The first alternative, to such a policy includes immediate dismissal of any staff that refuse to comply regardless of being directed that it is a requirement (Brady, 2013). According to Brady et al. (2013), policies that dismiss staff who do not comply usually have higher rates of compliance. The second alternative, includes work restrictions for the unvaccinated workers during Influenza season and an overall increase in insurance premiums (Vaughan & Arsneault, 2014). This option would deter the spread of the virus in the infected to the uninfected because of the limited point of exposures to the source. The unvaccinated healthcare worker would therefore, be subjected to working fewer hours and face higher
A URI or Upper Respiratory Infection is also known as the common cold. There are several types of viruses that can contribute to a URI. When the body notices that there is a foreign virus, it begins to increase the mucus production, swelling in your nose which makes it hard to breathe, sneezing and coughing. The best way to prevent colds is by keeping away from other people that may already be sick, hand hygiene, sanitize your area throughout the day. Treatment for the common cold is simply based on what symptoms you have. Antibiotics cannot cure a cold. There are some medications that can help relieve symptoms but it will not make them go away.
Describe two innate (nonspecific) immune responses that might prevent an influenza virus from causing any noticeable infection, even if the virus enters your respiratory passages.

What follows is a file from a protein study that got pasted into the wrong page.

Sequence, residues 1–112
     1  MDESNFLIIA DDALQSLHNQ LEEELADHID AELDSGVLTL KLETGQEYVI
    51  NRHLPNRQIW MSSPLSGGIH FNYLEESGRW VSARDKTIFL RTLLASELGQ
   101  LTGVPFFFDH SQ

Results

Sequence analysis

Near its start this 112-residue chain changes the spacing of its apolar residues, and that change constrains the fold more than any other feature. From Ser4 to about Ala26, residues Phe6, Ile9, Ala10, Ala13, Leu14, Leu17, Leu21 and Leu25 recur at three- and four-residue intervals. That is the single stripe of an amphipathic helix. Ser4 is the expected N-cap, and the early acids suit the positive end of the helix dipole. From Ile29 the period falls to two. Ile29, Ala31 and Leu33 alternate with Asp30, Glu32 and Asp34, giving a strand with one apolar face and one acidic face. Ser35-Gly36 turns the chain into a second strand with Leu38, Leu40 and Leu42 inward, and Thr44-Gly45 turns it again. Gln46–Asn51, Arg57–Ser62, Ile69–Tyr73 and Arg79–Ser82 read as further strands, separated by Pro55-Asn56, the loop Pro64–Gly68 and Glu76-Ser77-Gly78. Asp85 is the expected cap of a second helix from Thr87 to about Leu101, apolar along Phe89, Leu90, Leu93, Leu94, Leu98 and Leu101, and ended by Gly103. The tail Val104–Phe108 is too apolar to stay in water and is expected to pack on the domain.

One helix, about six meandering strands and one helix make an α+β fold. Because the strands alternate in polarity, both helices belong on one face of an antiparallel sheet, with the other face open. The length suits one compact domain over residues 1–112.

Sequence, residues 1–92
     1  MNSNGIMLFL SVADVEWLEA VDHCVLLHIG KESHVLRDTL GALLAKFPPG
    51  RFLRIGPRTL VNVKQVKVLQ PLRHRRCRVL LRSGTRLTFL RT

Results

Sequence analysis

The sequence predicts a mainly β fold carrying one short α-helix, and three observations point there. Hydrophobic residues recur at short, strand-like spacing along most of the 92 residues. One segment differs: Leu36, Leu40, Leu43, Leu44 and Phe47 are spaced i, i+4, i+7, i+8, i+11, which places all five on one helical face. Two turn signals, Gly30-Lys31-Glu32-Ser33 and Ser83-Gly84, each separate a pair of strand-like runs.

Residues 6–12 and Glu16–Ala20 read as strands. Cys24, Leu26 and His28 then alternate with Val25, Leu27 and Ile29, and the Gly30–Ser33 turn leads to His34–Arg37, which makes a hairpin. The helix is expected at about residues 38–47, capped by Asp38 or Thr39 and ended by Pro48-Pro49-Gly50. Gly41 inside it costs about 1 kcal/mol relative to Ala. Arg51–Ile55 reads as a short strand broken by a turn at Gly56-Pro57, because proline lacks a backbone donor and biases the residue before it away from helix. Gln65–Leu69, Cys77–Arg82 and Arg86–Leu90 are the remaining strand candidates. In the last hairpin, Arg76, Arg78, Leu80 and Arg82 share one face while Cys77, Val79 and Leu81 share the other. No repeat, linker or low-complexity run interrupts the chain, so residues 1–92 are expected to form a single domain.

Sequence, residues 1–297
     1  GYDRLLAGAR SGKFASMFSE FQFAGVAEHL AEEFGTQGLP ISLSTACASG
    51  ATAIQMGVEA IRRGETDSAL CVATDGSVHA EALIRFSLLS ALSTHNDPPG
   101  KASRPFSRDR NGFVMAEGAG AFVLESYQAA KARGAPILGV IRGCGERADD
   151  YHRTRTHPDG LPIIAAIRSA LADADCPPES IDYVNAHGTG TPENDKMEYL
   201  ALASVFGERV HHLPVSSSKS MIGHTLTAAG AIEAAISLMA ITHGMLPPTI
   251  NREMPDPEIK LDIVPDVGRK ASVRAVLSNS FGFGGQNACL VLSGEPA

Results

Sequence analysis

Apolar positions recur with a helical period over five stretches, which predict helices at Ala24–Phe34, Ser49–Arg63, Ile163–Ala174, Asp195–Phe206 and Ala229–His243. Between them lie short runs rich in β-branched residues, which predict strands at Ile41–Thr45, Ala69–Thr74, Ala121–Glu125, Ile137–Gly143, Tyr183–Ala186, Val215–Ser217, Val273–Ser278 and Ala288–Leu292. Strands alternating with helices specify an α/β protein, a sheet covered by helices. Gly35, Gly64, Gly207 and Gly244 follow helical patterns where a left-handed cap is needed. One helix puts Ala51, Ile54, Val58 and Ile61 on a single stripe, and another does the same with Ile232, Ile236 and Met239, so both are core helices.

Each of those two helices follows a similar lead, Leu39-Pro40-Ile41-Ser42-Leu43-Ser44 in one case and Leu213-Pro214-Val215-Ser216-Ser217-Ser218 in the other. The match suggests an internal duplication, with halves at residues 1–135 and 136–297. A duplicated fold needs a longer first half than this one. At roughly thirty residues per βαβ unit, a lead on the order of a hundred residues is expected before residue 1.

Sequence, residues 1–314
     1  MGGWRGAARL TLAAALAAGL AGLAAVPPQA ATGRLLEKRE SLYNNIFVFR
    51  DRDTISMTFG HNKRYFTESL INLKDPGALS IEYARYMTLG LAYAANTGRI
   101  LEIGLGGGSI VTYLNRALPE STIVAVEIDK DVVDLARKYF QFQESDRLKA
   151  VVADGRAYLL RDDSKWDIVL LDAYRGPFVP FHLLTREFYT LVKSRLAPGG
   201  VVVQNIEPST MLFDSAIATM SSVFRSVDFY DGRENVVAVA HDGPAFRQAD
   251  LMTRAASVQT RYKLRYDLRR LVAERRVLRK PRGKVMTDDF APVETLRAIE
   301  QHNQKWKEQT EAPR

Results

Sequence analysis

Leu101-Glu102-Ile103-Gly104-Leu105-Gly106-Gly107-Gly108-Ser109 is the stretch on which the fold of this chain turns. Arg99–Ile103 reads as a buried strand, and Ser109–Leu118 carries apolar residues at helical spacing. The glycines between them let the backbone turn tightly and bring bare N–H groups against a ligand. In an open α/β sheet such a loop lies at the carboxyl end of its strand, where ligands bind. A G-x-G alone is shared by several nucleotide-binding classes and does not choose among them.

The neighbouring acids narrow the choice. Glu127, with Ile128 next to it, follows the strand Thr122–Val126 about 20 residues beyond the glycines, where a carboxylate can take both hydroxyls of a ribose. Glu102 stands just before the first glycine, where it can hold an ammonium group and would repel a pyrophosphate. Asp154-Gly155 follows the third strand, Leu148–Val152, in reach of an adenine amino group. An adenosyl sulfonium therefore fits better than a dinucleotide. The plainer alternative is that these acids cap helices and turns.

Flu season is upon us and influenza has hit our area particularly hard this year. The flu is a contagious respiratory illness caused by influenza viruses that infect the nose, throat, and lungs that spread from person to person through sneezing and coughing. The flu can also be spread surfaces when infected people touch surfaces such as door knobs, shopping carts, computer keyboards, countertops, etc. Symptoms of the flu include fever, cough, sore throat, body aches, headache, chills and fatigue. Though it can be difficult to avoid the flu entirely, there are things you can do to protect yourself and your household from getting the flu by following these steps at home. Continue these steps daily throughout the flu season.
Being able to help out at the Flu Clinic was such a great opportunity. It was my first time getting to put a needle into someone and it was not as scary as I thought it would be. It was definitely intimated at first but after the first inject, it was smooth sailing after that. I thought it was funny that we encountered one or two people that was afraid of having a nursing student giving them the flu shot, and I completely understand it. It is scary to have a nursing student who may not have experience giving a shot before because you are not sure if he/she doing it right or not. However, I am very happy for those who were please with us giving them the Flu shot.